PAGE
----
The Covid-19 pandemic has undoubtably changed the way that we interact, behave and take care of ourselves. The phrase, “the new normal” has been used to describe the changing circumstances of our world since the beginning of the outbreak.
The new normal.
Only now however, once we’ve begun to experience what living in a world affected by a persistent pandemic looks like, can we probably truly understand what that really means. Mainly, the use of face masks, hands washing and the consistent use of hand sanitizer are our main combatants to the virus, and have become so much a part of our daily lives that it’s hard to imagine not reaching for that hand sanitizer on your way into a store.
Katie Wise, a mother from outside Austin Texas, discovered that sometimes caution is needed when using hand sanitizer.
The reason why hand sanitizer works so effectively agains both bacteria and viruses is because of its high alcohol content.
“Often used on the go, hand sanitizers contain ethyl alcohol, isopropyl alcohol or both to kill bacteria and viruses on your hands. Alcohols have long been known to kill germs by denaturing the protective outer proteins of microbes and dissolving their membranes.” -Cnet.com
In other words, the alcohol breaks up the structures of bacteria and virus, killing them. The problem with high-alcohol substances (as anyone who’s ever had a flaming sambuca shot will tell you), is that it’s highly volatile, meaning that it creates vapours which can be highly flammable when they turn from a liquid into a gas.
Wise found out the hard way, that hand sanitizer too, can be highly flammable.
According to Inside Edition, Katie Wise was preparing a bedtime movie for herself and her two children, when her recently sanitized hands caught fire. When the bottle itself caught fire and subsequently exploded, she was left with terrible burns all over her face, hands, legs and stomach.
“I just remember them screaming and saying “Mom’s on fire, Mom’s on fire!””-Katie told Inside Edition
It’s unclear how the flame got from her hands back to the bottle of sanitizer, but when the liquid inside exploded, it created a shower of flammable liquid. Her house was left charred, and she was rushed to the emergency room.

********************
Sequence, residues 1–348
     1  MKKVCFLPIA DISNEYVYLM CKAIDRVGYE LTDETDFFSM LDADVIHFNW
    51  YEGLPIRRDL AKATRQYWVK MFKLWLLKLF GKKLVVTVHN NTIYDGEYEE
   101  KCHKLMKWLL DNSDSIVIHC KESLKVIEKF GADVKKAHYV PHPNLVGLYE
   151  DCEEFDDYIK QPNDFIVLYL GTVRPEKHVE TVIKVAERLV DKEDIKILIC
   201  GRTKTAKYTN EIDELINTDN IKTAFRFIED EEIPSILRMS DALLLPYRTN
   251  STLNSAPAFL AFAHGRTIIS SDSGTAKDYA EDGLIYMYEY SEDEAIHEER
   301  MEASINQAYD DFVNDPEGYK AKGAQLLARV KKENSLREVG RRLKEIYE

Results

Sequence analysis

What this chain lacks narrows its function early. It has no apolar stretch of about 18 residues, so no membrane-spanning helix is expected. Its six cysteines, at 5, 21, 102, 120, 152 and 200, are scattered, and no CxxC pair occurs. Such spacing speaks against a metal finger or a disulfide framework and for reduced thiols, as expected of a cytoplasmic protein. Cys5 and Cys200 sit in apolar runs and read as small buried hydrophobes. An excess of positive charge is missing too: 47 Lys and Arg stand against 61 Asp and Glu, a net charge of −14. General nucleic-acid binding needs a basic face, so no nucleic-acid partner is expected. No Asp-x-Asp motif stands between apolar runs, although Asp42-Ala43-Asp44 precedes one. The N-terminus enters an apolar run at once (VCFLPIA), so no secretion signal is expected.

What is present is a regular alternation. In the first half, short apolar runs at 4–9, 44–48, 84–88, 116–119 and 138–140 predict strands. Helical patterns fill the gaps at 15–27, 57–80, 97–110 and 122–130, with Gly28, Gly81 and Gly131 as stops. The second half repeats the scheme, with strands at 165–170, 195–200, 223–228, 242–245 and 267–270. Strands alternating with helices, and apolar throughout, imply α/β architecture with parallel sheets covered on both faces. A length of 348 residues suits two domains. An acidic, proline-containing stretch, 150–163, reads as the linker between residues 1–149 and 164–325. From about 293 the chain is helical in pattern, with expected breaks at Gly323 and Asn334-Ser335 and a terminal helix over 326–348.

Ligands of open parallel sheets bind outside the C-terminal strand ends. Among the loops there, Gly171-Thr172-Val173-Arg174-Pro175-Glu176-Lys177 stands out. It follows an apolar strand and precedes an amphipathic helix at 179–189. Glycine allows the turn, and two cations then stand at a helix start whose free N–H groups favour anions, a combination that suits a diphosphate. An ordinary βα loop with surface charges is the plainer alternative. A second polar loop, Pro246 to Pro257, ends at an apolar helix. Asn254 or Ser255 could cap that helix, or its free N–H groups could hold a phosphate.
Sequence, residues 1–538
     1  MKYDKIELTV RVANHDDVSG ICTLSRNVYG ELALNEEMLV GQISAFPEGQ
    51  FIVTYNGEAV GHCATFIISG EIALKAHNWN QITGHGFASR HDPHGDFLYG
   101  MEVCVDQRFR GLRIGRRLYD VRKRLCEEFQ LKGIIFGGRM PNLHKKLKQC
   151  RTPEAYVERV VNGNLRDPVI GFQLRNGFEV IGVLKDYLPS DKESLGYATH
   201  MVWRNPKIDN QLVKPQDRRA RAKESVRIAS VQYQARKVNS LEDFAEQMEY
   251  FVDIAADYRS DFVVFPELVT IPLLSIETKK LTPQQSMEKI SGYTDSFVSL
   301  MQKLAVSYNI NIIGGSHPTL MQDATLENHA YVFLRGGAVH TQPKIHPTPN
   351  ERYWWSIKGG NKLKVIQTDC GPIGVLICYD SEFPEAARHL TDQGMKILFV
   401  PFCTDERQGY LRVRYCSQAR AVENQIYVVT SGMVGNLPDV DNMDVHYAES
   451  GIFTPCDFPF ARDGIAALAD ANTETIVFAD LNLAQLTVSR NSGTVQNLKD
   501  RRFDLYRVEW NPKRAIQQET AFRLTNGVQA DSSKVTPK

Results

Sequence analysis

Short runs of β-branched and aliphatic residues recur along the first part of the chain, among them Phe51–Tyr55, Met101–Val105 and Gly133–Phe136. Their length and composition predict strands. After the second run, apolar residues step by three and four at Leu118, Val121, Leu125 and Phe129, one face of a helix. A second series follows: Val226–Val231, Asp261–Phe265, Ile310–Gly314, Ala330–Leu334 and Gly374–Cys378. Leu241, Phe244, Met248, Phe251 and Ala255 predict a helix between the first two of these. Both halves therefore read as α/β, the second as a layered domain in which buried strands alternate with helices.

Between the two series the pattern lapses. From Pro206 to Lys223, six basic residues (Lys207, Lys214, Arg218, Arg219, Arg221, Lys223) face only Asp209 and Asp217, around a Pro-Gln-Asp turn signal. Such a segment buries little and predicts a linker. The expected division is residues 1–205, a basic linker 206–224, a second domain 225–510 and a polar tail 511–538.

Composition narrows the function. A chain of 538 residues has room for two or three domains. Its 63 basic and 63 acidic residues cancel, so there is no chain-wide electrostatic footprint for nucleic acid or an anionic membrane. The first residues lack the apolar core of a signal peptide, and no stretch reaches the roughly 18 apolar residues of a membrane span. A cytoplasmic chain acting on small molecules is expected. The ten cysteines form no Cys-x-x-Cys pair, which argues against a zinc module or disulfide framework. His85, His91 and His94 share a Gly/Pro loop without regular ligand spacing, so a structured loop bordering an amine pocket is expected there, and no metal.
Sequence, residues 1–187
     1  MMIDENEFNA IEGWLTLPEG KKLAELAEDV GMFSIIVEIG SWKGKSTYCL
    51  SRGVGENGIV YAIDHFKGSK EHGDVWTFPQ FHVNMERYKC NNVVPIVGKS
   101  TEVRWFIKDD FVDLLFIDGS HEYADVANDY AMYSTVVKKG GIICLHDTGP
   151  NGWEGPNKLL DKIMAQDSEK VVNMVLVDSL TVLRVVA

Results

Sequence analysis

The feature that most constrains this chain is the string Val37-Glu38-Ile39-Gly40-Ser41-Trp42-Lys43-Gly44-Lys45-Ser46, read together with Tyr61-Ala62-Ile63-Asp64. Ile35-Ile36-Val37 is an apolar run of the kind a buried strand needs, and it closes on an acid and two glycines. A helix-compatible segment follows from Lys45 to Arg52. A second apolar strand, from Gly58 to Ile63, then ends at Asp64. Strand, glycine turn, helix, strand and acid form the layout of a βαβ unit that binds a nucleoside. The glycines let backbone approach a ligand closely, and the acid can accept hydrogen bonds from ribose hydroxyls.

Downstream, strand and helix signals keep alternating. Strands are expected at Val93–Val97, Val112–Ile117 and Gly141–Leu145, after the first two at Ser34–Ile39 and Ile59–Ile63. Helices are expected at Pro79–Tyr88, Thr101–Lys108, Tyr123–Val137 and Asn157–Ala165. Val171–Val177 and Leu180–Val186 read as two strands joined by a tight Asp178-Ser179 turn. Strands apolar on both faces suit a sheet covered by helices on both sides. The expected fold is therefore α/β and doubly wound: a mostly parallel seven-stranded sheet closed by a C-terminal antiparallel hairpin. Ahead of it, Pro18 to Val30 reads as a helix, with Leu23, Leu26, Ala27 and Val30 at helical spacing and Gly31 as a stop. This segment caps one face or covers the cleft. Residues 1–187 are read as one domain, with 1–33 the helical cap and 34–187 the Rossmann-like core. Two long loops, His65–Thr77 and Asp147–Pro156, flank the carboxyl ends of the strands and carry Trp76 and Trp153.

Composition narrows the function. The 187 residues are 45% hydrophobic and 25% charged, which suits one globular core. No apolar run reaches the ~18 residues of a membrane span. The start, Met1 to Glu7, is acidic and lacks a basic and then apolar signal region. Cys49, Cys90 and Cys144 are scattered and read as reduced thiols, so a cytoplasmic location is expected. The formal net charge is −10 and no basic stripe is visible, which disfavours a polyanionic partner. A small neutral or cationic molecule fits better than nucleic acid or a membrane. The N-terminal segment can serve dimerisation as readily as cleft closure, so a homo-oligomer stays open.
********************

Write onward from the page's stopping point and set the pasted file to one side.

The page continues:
Katie is now recovering from her injuries, but is in consistent pain.
With severe burns covering most of her body, she is recovering, but the pain is constant and unrelenting.
Michael Uttaro, Fire Marshall of Nassau County, New York warns about the dangers of flammable vapours from volitile liquids like hand sanitizer.
“In the drying process, that vapor is coming off of your hands. This is the time that you need to be most cautious that you’re not near any source of ignition.” – Uttaro to Inside Edition
The fire department illustrates how the sanitizer sustains a flame.
In a shallow dish, we can see how a little bit of sanitizer can hold a flame as it evaporates into the air. This is an important illustration of how using hand sanitizer, while essential, should be done with caution. Uttaro’s advice is to purchase sanitizers produced by a reputable brand, and stay far away from open sources of flame like candles or stove-tops when using these products.
Now, before anybody panics, it’s important to remember that hand sanitizer is an essential part of sanitizing hands when soap and water aren’t available.
Is it dangerous? Well, only about as dangerous as that bottle of vodka in your cabinet which probably has an equal percentage of alcohol and is just as flammable. Hand sanitizer is only flammable for as long as it’s vaporizing from your hands. Once it’s evaporated, it’s (literally) out of your hands. The important takeaway from this is about smart, safe usage- If you’ve just sanitized, avoid an open flame. Simple as that.
Watch the full video below to see Katie’s story!
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